by David Mendez
Eric Bolling, co-host of Fox News's The Five, a panel-discussion show that discusses news and issues of the day, pointed something out yesterday that apparently shook him to his core: liberal propaganda within an elementary school math textbook.
Detailing the distributive property.
A part of me feels that this is simply too silly to even bother commenting on—after all, it's a show that features talking heads making mountains out of molehills. It's a show that, all things being equal, is about as culturally important as The View.
But what gets me, beyond this ridiculous assertion that Bolling hopefully pulled out of a pile of ridiculous items just to fill some time, were the responses of the panel members:
Co-host Kimberly Guilfoyle said that she goes through all of her six-year-old's homework papers, adding that she was now on "high alert after this inappropriateness!"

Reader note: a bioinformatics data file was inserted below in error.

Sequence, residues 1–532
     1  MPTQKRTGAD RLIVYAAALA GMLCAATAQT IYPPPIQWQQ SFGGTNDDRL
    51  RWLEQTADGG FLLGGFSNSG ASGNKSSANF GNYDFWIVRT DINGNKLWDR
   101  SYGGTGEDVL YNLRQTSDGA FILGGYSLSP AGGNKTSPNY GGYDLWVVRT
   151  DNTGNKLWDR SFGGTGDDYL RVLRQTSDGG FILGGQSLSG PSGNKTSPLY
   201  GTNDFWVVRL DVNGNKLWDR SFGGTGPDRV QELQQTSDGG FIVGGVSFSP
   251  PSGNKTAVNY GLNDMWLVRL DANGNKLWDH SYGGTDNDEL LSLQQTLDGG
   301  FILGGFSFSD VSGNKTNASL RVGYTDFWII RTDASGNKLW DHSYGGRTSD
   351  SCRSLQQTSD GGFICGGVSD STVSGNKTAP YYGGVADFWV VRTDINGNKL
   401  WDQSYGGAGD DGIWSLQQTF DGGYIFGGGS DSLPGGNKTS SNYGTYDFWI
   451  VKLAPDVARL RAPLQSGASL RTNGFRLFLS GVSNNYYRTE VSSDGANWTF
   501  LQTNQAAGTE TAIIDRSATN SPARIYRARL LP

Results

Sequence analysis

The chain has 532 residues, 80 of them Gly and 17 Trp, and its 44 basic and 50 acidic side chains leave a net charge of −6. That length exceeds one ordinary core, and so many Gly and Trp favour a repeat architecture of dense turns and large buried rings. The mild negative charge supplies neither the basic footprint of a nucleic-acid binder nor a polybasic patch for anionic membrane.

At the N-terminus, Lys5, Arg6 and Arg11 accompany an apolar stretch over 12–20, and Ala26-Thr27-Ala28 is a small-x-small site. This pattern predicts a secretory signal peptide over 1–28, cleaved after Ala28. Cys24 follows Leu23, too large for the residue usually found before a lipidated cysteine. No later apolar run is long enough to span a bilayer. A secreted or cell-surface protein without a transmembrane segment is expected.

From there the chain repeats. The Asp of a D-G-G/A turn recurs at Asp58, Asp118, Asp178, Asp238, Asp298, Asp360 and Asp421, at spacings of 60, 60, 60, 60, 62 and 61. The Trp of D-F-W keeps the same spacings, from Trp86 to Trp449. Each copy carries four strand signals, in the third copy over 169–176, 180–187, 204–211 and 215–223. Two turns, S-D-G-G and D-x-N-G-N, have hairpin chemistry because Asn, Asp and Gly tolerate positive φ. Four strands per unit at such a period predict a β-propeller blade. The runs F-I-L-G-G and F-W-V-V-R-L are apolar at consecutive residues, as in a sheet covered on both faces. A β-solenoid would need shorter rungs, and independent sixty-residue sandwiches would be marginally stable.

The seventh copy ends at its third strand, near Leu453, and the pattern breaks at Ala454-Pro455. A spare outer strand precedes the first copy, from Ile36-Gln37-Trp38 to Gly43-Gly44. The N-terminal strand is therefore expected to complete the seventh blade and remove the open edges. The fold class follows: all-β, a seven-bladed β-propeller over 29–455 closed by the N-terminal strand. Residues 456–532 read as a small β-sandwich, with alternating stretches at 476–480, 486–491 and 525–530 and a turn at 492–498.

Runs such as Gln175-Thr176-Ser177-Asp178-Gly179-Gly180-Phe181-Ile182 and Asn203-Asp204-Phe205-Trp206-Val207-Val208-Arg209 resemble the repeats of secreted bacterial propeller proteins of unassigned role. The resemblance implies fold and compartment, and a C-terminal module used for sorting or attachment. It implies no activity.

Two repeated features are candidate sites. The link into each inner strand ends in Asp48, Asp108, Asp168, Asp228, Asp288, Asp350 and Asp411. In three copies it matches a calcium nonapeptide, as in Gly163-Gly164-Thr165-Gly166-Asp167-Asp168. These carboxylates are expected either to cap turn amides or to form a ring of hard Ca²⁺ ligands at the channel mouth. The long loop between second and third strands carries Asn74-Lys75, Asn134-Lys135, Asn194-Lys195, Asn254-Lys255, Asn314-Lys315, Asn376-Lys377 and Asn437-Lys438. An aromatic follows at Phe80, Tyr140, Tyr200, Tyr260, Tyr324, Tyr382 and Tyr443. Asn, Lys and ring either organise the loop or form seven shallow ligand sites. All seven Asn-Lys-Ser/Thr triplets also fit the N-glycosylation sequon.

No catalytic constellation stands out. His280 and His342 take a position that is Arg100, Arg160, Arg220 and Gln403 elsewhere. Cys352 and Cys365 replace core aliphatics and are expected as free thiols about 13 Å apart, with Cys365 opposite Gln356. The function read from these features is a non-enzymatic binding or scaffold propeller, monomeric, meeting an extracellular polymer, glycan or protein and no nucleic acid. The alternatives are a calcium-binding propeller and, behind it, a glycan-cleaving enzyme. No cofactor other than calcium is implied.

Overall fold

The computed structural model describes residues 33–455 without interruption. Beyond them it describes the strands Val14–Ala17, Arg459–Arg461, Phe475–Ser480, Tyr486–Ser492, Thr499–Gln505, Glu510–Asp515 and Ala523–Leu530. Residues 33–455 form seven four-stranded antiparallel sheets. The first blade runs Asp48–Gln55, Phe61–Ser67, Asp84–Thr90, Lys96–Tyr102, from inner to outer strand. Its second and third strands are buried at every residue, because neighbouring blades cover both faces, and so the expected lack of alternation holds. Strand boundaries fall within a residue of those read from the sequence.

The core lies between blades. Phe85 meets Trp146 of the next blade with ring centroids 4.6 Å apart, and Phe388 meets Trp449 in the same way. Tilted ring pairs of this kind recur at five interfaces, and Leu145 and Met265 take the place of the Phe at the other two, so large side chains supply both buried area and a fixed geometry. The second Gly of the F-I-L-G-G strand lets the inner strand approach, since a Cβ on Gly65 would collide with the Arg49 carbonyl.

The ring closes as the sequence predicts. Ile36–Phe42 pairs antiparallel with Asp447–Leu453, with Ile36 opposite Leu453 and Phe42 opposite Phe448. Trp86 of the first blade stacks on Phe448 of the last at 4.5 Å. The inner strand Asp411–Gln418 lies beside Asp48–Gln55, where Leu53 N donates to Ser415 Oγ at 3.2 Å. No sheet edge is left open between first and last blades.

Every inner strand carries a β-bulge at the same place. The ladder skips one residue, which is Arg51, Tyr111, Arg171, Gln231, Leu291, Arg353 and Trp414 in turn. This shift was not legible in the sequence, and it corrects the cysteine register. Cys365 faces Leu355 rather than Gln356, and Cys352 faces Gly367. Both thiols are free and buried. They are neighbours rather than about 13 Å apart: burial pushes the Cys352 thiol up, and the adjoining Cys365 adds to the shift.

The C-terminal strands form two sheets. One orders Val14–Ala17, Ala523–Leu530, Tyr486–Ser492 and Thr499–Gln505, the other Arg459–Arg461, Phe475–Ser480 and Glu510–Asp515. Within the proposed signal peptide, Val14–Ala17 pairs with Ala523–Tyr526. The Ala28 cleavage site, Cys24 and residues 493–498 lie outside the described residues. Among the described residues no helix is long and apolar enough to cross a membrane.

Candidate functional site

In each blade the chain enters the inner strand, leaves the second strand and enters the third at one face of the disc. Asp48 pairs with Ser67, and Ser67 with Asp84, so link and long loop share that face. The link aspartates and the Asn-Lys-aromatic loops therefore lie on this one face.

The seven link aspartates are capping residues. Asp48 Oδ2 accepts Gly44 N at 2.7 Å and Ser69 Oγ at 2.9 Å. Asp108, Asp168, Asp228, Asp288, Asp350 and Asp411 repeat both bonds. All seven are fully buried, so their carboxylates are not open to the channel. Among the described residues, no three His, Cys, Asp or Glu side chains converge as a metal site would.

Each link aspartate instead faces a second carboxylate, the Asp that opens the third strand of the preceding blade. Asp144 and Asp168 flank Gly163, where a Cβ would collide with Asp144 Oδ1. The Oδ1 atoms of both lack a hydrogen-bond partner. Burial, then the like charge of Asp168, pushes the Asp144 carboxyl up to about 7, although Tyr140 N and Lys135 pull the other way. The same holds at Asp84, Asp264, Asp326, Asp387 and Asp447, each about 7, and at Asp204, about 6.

"So it starts in third grade [with] 'Distribute The Wealth,' and guess what happens? Through their whole educational experience they continually get indoctrinated through college," a concerned Bolling said, holding up the math sheet once again.
Co-host Dana Perino said that the assignment was probably written by an "Occupy Wall Street grad student."
Bolling made one last appeal to parents to check their children's textbooks, particularly their history books. He said he was once looking through his child's history textbook and read a section on the war in Iraq. "They were very, very liberally biased, saying George Bush went in there because he heard there were weapons of mass destruction and they were never found. It was a very liberal bias to the history books," Bolling said.
Considering that the CIA admitted that we entered Iraq under bad intelligence regarding WMDs, it might be safe to admit that history has a liberal bias in this case.